We've seen enough amorous altercations to know that shark sex can be pretty rough (Exhibit A), and this pair of spotted wobbegongs off Australia’s Gold Coast just added to the evidence.

Divers recently filmed the female wobbegong (or carpet shark) fighting off the aggressive advances of a mate-seeking male, who latches onto her gills. The duo twists and tussles before the female eventually manages to break free, making her intentions clear by swimming away: sorry, Mr Wobbegong, she’s just not that into you. 

Although the aggressive display might look intense, it's not unusual. Like other species of sharks, male wobbegongs will bite down on the female during sex, likely to ensure that the mating pair sticks together during reproduction. Research has shown that female sharks tend to have thicker skin than males – and it's easy to see why they might need it. 

Of course, gnawing on a lady wobbegong's flank probably isn't going to get this male any closer to his goal. It's likely that the shark was actually aiming for the female's fin, so he could position himself close enough to impregnate her.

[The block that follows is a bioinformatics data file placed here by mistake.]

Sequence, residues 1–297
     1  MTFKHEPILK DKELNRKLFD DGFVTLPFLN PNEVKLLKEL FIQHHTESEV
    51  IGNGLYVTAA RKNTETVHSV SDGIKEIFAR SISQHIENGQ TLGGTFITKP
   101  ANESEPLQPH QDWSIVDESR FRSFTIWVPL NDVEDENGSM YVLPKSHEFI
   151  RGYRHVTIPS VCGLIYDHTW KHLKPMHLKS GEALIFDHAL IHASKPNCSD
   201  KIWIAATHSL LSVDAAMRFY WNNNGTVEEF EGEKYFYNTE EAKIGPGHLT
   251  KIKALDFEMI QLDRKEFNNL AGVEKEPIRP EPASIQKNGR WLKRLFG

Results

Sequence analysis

And if you thought biting your mate was odd, here comes the really weird bit: sharks have two reproductive organs. Known as claspers, the "penises" are actually extensions of the pelvic fins (the paired fins located on the shark's underside). There are two of them simply because there are two pelvic fins to begin with. Grooves within these claspers help channel semen where it needs to go, and the sharks tend to bite the side opposite to the one they intend to "dock" on. 

So what the heck is a wobbegong anyway? These nocturnal, bottom-dwelling sharks spend their days resting along the seabed, feeding on invertebrates like crabs, lobsters and octopuses. They're also known for their impressive camouflage skills – just ask the unsuspecting swimmers who sometimes step on them by mistake. 

And just in case you thought the wobbegong's quirky mating habits were the height of reproductive weirdness in the ocean depths, take a look at the detachable, free-swimming "penis" of the paper nautilus.


Header image: Palo